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Graduate Program

Master of Arts

Chinese

The M.A. program in Chinese is designed for students with strong academic records and interest in pursuing postgraduate research in Chinese literature, history (pre-modern), philosophy, or linguistics, but who have not yet acquired the language skills or disciplinary foundation necessary to enter a Ph.D. program. (Note: Students who wish to pursue advanced language training in preparation for post-graduate research in other fields of Chinese studies are referred to the interdisciplinary M.A. program in the Center for East Asian Studies.)

 

The candidate must:

  1. Demonstrate proficiency in both modern and classical Chinese through
    1. completion for a letter grade of ‘B’ or higher of third-year Chinese through CHINLANG 103 and
    2. One of three advanced classical Chinese courses through CHINLIT 221-223.
    (Note: qualified students may, upon consultation with the graduate adviser, be permitted to certify that they have attained the equivalent level of proficiency by passing examinations.)
  2. Complete the following for a letter grade of ‘B’ or higher:
    1. four courses in CHINGEN or CHINLIT numbered above 200g
    2. CHINLIT 201. Proseminar: Bibliographic and Research Methods in Chinese Studies
    3. Two upper-division or graduate-level courses in fields such as Chinese anthropology, art history, history, philosophy, political science and religious studies, as approved by the graduate adviser in consultation with the student’s individual adviser.
    4. A master’s thesis; CHINLIT 299. Master’s Thesis or Translation.

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Chinese Archaeology

The M.A. program in Chinese Archaeology is designed for students with strong academic records and an interest in pursuing postgraduate research in Chinese archaeology, but who have not yet acquired the language skills or disciplinary foundation necessary to enter a Ph.D. program.

 

The candidate must:

  1. Demonstrate proficiency in both modern and classical Chinese by completing 1) third-year Chinese through CHINLANG 103 with a minimum grade of ‘B+’; and 2) one of three advanced classical Chinese courses (CHINLIT 221-223). (Note: qualified students may, upon consultation with the graduate adviser, be permitted to certify that they have attained the equivalent level of proficiency by passing examinations or presenting documentary evidence of attendance at a bachelor’s institution wherein Chinese is the language of instruction. Exemptions may also be granted to students who study prehistoric archaeology. Instead, these students should take required coursework relating to archaeology which is offered in the Stanford Archaeology Center. For details students should consult with the supervisor or the graduate adviser).
  2. Complete 45 units, including the following (all courses must be passed with a minimum grade of ‘B+’)
    1. Four graduate level CHINGEN or ANTHRO subject code courses appropriate to the Chinese Archaeology track.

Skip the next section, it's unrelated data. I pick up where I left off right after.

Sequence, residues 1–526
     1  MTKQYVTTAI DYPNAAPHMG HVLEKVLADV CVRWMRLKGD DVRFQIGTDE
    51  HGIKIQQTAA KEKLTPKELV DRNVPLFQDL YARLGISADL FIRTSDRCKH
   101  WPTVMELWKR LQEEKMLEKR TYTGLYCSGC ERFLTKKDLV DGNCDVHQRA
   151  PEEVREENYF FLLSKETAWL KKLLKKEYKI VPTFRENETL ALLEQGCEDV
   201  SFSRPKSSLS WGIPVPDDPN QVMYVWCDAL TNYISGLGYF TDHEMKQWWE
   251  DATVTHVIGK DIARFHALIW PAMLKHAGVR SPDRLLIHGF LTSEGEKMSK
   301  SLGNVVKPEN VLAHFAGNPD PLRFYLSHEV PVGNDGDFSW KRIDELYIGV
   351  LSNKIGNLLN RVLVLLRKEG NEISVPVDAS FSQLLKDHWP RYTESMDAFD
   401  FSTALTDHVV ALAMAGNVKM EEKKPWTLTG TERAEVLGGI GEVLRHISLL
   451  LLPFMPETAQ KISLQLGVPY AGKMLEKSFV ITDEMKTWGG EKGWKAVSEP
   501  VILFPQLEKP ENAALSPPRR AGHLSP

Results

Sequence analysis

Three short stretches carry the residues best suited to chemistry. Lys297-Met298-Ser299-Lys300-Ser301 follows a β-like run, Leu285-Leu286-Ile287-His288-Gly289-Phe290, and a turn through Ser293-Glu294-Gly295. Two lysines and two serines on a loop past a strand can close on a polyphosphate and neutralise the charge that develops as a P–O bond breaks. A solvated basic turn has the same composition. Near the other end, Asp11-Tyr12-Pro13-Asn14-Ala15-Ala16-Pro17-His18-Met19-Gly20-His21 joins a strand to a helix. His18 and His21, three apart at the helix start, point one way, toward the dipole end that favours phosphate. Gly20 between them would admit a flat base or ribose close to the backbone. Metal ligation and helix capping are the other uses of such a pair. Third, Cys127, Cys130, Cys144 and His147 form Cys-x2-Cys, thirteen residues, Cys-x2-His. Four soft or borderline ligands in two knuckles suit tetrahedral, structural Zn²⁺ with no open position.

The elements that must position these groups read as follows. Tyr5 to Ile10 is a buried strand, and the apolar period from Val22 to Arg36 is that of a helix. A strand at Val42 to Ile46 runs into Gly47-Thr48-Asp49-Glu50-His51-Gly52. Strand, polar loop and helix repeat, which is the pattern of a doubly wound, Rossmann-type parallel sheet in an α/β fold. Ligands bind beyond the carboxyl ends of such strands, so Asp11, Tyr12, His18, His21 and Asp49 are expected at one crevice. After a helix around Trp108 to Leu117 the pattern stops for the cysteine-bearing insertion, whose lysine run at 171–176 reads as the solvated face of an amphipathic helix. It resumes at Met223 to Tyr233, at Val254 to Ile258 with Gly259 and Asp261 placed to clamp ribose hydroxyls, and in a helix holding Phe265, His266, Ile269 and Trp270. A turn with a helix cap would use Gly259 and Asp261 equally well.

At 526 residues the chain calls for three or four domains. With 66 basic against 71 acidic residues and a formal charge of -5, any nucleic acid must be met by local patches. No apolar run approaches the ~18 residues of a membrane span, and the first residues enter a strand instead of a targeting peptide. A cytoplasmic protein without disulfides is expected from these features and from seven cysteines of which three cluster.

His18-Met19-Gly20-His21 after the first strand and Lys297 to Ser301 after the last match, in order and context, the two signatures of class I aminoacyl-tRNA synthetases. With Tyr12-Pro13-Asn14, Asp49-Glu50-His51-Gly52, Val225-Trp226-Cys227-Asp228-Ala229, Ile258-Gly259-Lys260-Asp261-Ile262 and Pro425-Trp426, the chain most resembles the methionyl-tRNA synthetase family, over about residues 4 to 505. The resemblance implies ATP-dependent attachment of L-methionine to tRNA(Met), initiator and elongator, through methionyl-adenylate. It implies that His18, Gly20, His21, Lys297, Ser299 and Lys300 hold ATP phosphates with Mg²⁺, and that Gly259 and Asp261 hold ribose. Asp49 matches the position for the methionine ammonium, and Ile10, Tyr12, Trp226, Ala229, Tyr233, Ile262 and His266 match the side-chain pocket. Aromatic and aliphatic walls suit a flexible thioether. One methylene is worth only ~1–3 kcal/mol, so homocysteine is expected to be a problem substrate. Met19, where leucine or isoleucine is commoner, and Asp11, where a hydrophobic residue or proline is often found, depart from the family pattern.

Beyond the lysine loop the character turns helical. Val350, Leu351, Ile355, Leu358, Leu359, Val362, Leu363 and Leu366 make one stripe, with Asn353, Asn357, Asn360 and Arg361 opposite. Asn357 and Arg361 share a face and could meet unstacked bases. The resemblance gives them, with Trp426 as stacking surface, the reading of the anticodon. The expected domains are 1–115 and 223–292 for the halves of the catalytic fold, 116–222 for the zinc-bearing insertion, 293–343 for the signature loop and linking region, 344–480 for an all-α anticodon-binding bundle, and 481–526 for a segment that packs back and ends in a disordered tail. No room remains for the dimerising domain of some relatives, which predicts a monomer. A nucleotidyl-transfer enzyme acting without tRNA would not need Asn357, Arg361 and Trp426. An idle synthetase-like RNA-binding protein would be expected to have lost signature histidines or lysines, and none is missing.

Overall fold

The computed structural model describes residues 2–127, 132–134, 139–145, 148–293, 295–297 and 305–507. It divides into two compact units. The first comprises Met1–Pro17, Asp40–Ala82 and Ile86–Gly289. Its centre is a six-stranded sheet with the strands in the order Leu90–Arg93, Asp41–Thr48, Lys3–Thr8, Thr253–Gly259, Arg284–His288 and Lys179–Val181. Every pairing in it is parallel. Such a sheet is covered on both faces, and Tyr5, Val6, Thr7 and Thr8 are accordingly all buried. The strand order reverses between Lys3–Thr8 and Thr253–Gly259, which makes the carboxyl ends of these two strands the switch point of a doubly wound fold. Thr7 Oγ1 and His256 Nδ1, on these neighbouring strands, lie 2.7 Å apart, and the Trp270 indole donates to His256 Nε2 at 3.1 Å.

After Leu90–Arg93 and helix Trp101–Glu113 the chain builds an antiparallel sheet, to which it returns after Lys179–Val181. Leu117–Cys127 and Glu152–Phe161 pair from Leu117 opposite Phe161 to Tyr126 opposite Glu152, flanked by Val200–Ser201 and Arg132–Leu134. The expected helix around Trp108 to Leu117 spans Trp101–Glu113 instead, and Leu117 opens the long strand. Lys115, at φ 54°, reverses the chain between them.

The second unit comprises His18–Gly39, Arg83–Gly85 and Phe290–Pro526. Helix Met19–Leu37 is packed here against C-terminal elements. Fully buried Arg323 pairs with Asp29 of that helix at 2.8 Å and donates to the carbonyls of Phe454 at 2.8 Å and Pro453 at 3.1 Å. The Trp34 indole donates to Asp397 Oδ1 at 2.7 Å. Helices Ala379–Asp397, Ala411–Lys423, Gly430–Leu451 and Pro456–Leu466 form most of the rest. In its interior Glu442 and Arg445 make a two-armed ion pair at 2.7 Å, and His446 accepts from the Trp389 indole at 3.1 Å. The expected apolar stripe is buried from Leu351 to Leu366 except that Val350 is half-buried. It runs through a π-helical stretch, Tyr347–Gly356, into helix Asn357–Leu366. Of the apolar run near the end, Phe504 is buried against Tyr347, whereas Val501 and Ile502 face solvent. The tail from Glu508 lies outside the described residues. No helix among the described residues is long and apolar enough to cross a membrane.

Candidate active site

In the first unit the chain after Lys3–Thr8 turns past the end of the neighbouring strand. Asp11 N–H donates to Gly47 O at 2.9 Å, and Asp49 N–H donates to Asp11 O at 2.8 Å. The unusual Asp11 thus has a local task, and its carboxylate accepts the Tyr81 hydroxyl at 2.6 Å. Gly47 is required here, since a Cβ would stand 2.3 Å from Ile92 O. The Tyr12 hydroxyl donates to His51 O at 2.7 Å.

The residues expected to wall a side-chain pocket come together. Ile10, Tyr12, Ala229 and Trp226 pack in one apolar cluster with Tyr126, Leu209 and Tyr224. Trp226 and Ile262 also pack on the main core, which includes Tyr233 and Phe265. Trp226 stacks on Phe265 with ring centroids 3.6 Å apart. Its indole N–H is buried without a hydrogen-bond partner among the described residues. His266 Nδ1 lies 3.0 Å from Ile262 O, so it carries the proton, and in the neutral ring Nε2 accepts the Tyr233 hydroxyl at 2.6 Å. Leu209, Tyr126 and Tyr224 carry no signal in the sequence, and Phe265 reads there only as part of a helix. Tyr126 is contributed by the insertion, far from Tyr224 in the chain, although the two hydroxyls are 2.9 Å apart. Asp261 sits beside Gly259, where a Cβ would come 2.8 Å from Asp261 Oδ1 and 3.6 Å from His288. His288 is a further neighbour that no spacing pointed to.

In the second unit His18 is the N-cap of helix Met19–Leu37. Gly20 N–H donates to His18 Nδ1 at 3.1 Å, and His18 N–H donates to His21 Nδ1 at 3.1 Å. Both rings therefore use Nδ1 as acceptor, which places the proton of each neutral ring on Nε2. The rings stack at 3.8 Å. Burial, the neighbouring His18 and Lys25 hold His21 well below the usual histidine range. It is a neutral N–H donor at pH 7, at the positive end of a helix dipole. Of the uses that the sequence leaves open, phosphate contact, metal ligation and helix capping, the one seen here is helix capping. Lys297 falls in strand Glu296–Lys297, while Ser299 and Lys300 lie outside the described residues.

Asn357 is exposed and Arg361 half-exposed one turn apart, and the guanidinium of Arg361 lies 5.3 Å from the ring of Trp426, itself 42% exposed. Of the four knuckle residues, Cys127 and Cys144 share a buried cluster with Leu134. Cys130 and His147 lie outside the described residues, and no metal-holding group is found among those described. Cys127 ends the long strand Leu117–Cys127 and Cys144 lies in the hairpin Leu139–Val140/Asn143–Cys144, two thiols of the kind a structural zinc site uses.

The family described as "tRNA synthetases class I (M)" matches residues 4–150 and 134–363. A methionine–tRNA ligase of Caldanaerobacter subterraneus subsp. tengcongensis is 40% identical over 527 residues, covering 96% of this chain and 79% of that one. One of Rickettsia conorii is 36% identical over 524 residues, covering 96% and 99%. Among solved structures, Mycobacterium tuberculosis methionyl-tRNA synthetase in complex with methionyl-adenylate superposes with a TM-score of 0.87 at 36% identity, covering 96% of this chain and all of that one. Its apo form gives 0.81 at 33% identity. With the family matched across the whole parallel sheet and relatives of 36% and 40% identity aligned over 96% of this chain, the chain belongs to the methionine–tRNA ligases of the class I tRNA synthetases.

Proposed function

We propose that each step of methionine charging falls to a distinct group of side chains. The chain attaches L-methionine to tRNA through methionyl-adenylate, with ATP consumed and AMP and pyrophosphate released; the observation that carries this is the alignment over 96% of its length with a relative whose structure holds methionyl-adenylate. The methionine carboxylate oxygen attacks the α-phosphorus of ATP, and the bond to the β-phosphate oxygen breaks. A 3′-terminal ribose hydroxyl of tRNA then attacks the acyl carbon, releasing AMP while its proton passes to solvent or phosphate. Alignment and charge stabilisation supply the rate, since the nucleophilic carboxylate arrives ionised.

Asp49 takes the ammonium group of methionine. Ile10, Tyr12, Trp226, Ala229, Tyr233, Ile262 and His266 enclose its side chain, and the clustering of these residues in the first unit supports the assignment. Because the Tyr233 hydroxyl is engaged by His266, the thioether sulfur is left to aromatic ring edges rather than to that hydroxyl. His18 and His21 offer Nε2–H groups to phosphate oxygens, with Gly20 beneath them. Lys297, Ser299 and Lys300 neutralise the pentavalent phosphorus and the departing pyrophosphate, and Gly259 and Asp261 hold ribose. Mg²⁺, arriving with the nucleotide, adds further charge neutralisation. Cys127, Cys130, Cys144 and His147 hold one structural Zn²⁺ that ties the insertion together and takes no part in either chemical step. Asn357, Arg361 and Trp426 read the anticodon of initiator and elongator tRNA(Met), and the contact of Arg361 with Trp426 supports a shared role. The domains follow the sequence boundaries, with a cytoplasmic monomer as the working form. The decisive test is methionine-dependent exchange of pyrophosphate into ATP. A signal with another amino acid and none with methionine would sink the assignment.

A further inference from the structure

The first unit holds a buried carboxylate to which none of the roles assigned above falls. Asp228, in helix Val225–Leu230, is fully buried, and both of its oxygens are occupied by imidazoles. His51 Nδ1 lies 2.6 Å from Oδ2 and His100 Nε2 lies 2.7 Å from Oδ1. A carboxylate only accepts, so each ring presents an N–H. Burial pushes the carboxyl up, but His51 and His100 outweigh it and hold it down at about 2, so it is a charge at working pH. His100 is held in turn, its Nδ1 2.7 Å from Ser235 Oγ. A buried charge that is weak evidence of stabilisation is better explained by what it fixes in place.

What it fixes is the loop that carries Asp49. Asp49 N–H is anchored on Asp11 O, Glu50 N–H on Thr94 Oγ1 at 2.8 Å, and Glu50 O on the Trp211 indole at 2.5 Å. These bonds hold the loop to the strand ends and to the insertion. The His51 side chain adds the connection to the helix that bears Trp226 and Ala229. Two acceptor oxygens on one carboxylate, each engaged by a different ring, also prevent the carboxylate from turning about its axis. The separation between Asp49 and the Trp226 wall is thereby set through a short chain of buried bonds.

2. In the first year of the program:
      1. complete the theory course in archaeology – ANTHRO 303, Introduction to Archaeological Theory
      2. complete at least one method course in archaeology – ANTHRO 307, Archaeological Methods and Research Design
    3. Two upper-division or graduate-level courses in fields such as Chinese anthropology, archaeology, art history, history, philosophy, political science and religious studies, as approved by the graduate adviser in consultation with the student’s individual adviser.
    4. A master’s thesis; CHINLIT 299.

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    Japanese

    The candidate must:

    1. Complete third-year Japanese (JAPANLANG 101, 102, 103) plus one of the following:
      1. fourth-year Japanese through JAPANLANG 213, or
      2. classical Japanese through JAPANLANG 246 and 247.
      (Note: qualified students may, upon consultation with the graduate adviser, be permitted to certify that they have attained the equivalent level of proficiency by passing examinations.)
    2. Complete the following for a letter grade of ‘B’ or higher:
      1. four adviser-approved courses in Japanese literature or linguistics from among the offerings of the Department of East Asian Languages and Cultures, not including courses taken to fulfill the language requirement
      2. JAPANLIT 201. Proseminar: Introduction to Graduate Study in Japanese
      3. Two upper-division or graduate-level courses in fields such as Japanese anthropology, art history, history, philosophy, political science, and religious studies, as approved by the graduate adviser in consultation with the student’s individual adviser.
      4. A master’s thesis; JAPANLIT 299. Master’s Thesis or Translation.

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Graduate Program

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“Why am I glad to be a part of the EALC? That’s easy enough. The freedom (and resources) to pursue my own academic interests, professors equally attentive to the pursuit of knowledge and the practical exigencies of professional development, a supportive community of graduate students who continue to teach me new things on a daily basis, and opportunities to engage with contemporary authors and scholars hailing from all over the globe. If you have never thought that, say, Japanese linked verse from the 15th century or the popular literature of the early Showa Period could be exciting, I would ask you first to visit our doors.”

  Kevin Singleton, graduate student
East Asian Languages and Cultures